Conclusion- Man is Not the Lord of Beings

Although human beings have the ability to use of language to form conceptual relation with the world and can anticipate suffering and death in advance, but this does not support man's god-like status on the planet. William Barrett observes: "The emphasis of later Heidegger is not upon man as the active center of Being, but upon Being itself as that which perpetually claims man...Man is not the lord of Being, a creature who transforms and bulldozes the world of nature, rather, he is the shepherd of Being." Heidegger opposes the way living beings are made to conform to a value ordering according to their utility:"Its value is determined by its usefulness and serviceability." His argument is, in fact, the central premise of bioethics. Humanism, refers the rational capacity of our species, has been operated as an instrument of discrimination, thereby creating an abyss between humans and the nonhuman others.

The work of Heidegger and Merleau-Ponty reflects a renewal of the Romantic spirit that celebrates and commemorates the natural world. For the poet, Shelly, a being can manifest itself as the full heart of a skylark. The same for Keats, it is the nightingale that sings the voice of the earth. Wordsworth's poem, of animal tranquility, marvels the little hedgerow birds; their facial expressions and bodily movements bespeak a peaceful composure. Perhaps someday man would allow the "wood path" (Holzweg, one of Heidegger's essays) of animals to take the lead, so we can experience the boundless and unfathomable "open" in "all time" as Rilke envisioned in his Duino Elegy:

If the animal moving towards us so securely
In a different direction had our kind of consciousness
It would wrench us around and drag us along its path
But it feels its life as boundless, unfathomable
And without regard to its own condition: pure, like its outward gaze
And where we see the future, it sees all time
And itself within all time, forever healed.

Although, Being is the subject of discussion in this essay, nevertheless, a being as having consciousness and a will of its own is pregnant with meanings that can only be claimed by sentient beings. They are visible and palpable, roaming free outside the realm of myth as well as the intellectual category of ontology. To be is to feel the pulsating Earth, to ride with the eagle swirling high above, to enjoin the leaping coyotes across the desert plain and the uncoiling of a snake out of its winter sleep, or listen to the great whales as they recite their epic poems to their young.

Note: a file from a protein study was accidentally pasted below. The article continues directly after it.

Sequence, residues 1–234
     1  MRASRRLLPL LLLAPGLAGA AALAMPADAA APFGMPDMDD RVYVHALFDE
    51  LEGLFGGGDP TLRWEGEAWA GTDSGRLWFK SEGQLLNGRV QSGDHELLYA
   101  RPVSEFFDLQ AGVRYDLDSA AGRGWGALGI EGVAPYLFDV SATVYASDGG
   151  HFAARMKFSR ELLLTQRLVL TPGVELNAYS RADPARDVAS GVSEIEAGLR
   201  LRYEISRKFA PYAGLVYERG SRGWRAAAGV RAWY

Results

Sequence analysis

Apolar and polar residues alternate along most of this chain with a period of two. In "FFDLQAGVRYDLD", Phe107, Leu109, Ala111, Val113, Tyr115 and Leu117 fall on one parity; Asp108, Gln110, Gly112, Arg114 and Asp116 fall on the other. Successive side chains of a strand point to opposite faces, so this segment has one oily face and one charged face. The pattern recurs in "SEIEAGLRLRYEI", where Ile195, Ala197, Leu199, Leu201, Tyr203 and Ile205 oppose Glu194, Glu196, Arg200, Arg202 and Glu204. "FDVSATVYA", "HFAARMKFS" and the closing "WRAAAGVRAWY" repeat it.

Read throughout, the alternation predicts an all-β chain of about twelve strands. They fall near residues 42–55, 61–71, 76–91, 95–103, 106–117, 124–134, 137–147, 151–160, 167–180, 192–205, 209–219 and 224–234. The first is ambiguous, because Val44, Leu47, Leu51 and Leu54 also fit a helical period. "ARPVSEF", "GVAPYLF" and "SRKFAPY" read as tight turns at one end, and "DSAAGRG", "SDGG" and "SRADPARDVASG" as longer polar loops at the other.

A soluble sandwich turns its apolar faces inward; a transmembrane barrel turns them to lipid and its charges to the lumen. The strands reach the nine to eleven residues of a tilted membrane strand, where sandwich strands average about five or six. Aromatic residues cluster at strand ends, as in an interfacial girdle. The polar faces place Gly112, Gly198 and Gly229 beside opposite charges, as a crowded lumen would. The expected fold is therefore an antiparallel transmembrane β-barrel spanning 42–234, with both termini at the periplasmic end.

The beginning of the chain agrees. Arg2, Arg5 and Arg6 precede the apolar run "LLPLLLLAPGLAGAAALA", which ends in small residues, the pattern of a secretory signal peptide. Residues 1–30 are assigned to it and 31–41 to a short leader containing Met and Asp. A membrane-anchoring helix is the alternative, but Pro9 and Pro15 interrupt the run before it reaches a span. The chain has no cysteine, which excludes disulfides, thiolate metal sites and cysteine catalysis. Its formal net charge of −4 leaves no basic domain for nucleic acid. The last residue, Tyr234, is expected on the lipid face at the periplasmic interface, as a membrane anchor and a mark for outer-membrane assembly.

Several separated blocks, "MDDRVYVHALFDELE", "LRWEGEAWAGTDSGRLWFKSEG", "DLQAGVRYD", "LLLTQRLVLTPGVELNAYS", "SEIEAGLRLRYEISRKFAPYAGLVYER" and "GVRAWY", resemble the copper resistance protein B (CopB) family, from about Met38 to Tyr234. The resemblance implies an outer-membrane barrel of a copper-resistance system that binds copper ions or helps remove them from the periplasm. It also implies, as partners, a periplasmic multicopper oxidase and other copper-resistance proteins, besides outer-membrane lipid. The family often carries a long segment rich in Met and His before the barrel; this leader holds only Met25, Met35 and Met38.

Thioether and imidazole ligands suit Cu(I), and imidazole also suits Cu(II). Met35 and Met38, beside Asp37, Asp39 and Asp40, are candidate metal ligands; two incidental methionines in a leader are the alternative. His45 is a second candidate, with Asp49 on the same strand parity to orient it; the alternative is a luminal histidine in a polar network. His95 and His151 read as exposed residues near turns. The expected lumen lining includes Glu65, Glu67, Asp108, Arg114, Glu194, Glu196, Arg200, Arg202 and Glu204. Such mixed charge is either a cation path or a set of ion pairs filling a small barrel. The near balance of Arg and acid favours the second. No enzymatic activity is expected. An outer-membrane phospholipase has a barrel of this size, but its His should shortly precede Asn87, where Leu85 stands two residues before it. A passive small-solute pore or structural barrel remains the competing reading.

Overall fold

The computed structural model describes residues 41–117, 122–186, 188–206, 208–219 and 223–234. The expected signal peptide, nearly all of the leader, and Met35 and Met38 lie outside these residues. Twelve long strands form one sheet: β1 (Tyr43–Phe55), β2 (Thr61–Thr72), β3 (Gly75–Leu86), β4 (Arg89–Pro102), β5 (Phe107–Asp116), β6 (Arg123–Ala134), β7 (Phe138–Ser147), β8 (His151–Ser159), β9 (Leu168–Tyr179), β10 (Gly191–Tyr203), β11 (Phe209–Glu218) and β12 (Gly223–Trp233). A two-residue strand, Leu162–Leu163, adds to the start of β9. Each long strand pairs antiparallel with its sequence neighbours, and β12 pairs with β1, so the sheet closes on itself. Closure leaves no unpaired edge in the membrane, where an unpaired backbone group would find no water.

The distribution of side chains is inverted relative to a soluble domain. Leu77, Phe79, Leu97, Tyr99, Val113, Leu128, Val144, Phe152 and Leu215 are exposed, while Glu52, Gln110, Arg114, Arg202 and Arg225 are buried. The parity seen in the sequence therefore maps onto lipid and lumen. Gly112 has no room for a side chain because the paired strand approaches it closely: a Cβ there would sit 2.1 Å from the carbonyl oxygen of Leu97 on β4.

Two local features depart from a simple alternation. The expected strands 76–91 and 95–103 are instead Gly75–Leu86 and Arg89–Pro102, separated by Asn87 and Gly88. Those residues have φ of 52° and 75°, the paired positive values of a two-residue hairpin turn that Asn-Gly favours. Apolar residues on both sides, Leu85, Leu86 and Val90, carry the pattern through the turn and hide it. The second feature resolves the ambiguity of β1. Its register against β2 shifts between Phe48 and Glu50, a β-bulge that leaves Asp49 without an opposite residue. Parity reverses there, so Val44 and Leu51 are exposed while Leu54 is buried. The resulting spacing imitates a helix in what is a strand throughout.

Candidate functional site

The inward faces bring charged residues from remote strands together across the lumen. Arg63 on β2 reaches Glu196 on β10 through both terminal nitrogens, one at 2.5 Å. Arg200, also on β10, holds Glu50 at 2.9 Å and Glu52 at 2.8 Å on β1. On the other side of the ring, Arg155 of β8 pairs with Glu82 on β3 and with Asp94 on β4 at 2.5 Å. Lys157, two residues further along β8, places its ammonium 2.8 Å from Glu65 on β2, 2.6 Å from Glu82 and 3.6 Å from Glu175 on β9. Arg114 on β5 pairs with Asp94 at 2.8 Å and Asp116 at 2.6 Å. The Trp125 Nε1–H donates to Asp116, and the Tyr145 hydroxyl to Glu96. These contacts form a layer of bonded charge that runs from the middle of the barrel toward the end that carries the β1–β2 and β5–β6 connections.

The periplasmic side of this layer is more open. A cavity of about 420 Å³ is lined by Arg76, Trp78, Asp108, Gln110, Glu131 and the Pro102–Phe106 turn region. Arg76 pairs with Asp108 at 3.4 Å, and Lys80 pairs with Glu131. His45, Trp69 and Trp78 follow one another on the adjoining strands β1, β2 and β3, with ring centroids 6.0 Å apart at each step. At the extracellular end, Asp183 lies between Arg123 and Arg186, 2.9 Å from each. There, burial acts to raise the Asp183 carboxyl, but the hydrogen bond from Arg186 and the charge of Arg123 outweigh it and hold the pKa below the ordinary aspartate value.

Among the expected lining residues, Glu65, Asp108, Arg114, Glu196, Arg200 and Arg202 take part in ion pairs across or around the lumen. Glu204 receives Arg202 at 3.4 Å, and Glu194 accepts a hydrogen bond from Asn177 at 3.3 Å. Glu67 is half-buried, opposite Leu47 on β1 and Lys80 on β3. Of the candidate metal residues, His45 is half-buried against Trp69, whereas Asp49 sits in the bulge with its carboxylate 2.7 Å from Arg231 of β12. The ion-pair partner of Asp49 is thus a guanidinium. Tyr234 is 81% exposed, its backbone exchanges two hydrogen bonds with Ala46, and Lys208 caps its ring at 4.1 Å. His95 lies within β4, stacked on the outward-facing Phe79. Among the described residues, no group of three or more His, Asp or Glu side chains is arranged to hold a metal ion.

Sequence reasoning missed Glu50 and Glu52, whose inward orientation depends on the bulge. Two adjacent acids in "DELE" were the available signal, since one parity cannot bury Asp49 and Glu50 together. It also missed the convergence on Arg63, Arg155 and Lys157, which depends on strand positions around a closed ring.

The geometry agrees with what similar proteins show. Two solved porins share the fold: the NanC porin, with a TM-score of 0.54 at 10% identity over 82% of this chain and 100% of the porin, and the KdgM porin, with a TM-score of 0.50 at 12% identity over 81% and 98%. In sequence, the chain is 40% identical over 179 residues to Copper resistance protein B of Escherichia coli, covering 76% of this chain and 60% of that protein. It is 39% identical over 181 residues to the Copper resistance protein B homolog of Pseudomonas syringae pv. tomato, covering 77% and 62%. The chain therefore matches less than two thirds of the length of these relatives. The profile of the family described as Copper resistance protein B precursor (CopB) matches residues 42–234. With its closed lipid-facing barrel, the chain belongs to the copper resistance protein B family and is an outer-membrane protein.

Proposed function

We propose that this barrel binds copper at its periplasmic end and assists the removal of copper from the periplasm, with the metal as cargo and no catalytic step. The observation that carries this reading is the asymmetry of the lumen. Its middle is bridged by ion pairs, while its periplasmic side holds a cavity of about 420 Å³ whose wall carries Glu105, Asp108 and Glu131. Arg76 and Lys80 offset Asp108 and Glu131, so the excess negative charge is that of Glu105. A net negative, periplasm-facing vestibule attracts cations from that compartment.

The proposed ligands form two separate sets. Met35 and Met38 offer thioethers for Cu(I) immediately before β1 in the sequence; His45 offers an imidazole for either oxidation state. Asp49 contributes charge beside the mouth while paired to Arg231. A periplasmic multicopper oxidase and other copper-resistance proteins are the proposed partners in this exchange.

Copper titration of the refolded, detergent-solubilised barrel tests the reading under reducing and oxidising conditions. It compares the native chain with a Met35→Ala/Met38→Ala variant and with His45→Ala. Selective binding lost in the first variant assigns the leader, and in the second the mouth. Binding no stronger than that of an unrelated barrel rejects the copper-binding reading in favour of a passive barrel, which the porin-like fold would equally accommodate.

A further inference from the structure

As expressed in the poem, Der Ister: "But what He does, the river, no one knows." The river itself is an "open" but what the river does is unknown to man's grasping for meaning. My own conclusion at the end is that the acquisition of knowledge as in science and metaphysics reflects an arrogance of thinking. It is, in fact, an intrusion to "what is". To ask "What is being?" is to reflect on the question itself; so the restless mind can return to the great silence and let beings be.

December 2012

Works Cited:

1. Martin Heidegger, Basic Writing. Edited by David Farrell Krell, 1977

2. Martin Heidegger, The Question Concerning Technology and Other
Essays. Translated by William Lovitt, 1977

3. Martin Heidegger, Poetry, Language, Thought. Translated by Albert
Hofstadter, 2001
4. Martin Heidegger, What is Called Thinking, 1976

5. Bruce V. Foltz, Inhabiting the Earth-Heidegger, Environmental Ethics
and the Metaphysics of Nature, 1995

6. Bruce V. Foltz, Heidegger, Ethics, and Animals, 1992
7. Maurice Merleau-Ponty, Phenomenology of Perception. Translated by
Colin Smith, 2002

8. Elizabeth A. Behnke, Merleau-Ponty's Concept of Nature, 1999
9. Stephen Mitchell, The Selected Poetry of Rainer Maria Rilke, 1982
10. Rainer Maria Rilke, Book of Hours. Translated by Anita Barrows and
Joanna Macy, 1996
11. David Abram, The Spell of the Sensuous, 1995
12. Richard Kearney, Modern Movements in European Philosophy, 1994
13. Tao Te Ching, chapter 25

註: 這篇文章的主旨,是要進一步詮釋海德格的後期思想以及梅洛龐提的
現象學,因為兩者皆致力於將實存觀念(the notion of being) 予以具体化。
其本體論主要是在解構人類中心論 (Anthropocentrism),將人在地球上 從新定位 (re-appropriation) ,因此為歐陸哲學引進真實生命的相貌。

海德格的思想源頭主要來自古西臘哲學 (Pre- Socratic Philosophy)。
他後期的理論,從對Dasein 的分析,轉向對存在作多元內含的沉思。
本文便是要從這面向來切 入實存(being) 的真義,與地球上所有的
生命作連結。

梅洛龐提的肉身觀念 (Flesh) 亦特具意義,為本體論開啟了一個生命共同體
( a shared field of Being) 的思考理路,將實存從抽象的思辯中釋放出來,
化身為體性互動 (inter-corporeity) 的感知生命(sentient beings),通過現
象學方法來作哲學的光照 (Clearing)。

在西方有關動物的議題一直是被排斥在傳統哲學之外,唯有浪漫主義,比如海德格曾開課解釋霍德林 的「多瑙河」,表達了對萬有的尊重。海德格晚年的思考與寫作,傾向詩的隱喻,為了回復語言本有豐富的開放性(openness) ,以突破概念上的約束,激發非抽象對立的靈思。因為我喜愛里爾克的詩,他亦是海德格欣賞的詩人,便引用他的詩作起首和結語。